The real barriers to gender equality in Europe

During the Covid-19 crisis, we asked ourselves why women’s clothing has garnered so much attention when there are so many more pressing issues facing refugee women in Europe, including Switzerland. The pandemic has had a devastating economic toll on many sectors of society, but women have been the hardest hit. 

As community leaders and organisers, we know the systematic barriers to equality and inclusion faced by refugee women in Switzerland: labour market restrictions, employment discrimination, and even access to opportunities. We face lack of respect or recognition for our educational accomplishments or professional skills, simply because we built our careers in developing nations. We face social ostracisation.

We face limitations on our ability to access education, to get loans to start businesses, and to find affordable childcare for our children so that we can work. We face accusations that we are not “willing to learn the local language” when in fact we work very hard at it, and we have already demonstrated our ability to master several other languages. We often face domestic violence at home and threatening or insulting behaviour on the street. We face stereotypes in the news media that portray us as passive victims of oppression rather than as the courageous human rights defenders that we are. We face the accusation that our values are somehow at odds with those of Europe, when we are the ones who fled our homes to have a shot at justice and freedom here in Europe. We fight for “European values” like freedom of religion, autonomy, and gender equality even more fiercely than do many Europeans, if only because we know what it is like to grow up under oppressive regimes.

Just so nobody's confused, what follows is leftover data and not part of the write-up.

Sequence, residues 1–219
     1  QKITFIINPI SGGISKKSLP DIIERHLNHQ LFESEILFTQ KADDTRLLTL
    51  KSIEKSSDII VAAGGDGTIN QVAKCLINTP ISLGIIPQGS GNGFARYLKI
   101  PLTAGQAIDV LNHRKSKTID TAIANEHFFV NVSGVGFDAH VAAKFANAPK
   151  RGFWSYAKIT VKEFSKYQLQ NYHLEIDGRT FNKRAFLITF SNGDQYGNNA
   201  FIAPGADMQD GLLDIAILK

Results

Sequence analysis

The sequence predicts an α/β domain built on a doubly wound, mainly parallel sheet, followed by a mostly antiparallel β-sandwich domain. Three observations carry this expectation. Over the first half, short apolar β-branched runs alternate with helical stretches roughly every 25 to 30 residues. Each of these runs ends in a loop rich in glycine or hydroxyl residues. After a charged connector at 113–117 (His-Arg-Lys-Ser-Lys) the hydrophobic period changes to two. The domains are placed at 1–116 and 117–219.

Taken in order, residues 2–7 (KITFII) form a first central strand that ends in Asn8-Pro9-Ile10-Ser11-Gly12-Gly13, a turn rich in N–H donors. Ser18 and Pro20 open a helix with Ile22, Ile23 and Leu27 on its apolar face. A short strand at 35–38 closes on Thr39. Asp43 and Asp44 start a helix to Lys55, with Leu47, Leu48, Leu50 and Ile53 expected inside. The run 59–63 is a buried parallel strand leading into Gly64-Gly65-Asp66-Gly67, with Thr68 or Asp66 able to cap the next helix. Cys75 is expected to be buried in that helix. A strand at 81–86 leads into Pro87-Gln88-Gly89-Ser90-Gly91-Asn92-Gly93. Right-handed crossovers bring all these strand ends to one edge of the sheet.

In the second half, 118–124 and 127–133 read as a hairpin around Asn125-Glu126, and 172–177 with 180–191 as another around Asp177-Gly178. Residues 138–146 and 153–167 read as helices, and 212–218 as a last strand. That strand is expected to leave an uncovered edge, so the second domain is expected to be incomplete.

It is hurtful to want to belong and yet to be perennially treated as the “other” – blamed for our own “integration failuresExternal link” – when we, just like European women, are working so very hard.  Hateful initiatives like the burka and niqab ban are just one more reminder that no matter how hard we try, we will never fully belong; we can never really become Swiss.

By advocating for the right of refugee and migrant women to have “a seat at the table,” we also seek to advance gender equality for our European-born colleagues. Institutional and structural barriers to gender equality – like labour market discrimination, domestic violence, and lack of affordable childcare – affect Swiss-born women too. Switzerland ranks 26th of 29 in the Economist’s glass ceiling index: these issues affect native Swiss women as well as migrants.  Our interests are not opposed to those of Swiss women: we are on the same side.

Anila NoorExternal link, a human rights activist, TEDx SpeakerExternal link and refugee to the Netherlands from Pakistan, is an expert in gender and migration issues, part of the European Commission’s Expert GroupExternal link on views of Migrants, and the co-founder of GIRWLExternal link and managing director of New Women ConnectorsExternal link. @nooranila

Maria Khoshy is a commercial studies student and a refugee representative and activist in Switzerland. @mariakhoshy


The views expressed in this article are solely those of the author, and do not necessarily reflect the views of SWI swissinfo.ch.